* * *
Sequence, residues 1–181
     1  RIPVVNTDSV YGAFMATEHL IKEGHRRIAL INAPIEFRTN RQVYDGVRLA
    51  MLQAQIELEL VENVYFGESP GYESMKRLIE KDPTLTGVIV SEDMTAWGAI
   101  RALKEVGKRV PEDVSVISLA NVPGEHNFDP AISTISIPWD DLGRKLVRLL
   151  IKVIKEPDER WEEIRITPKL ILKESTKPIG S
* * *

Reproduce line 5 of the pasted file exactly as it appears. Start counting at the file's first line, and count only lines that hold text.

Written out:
   151  IKVIKEPDER WEEIRITPKL ILKESTKPIG S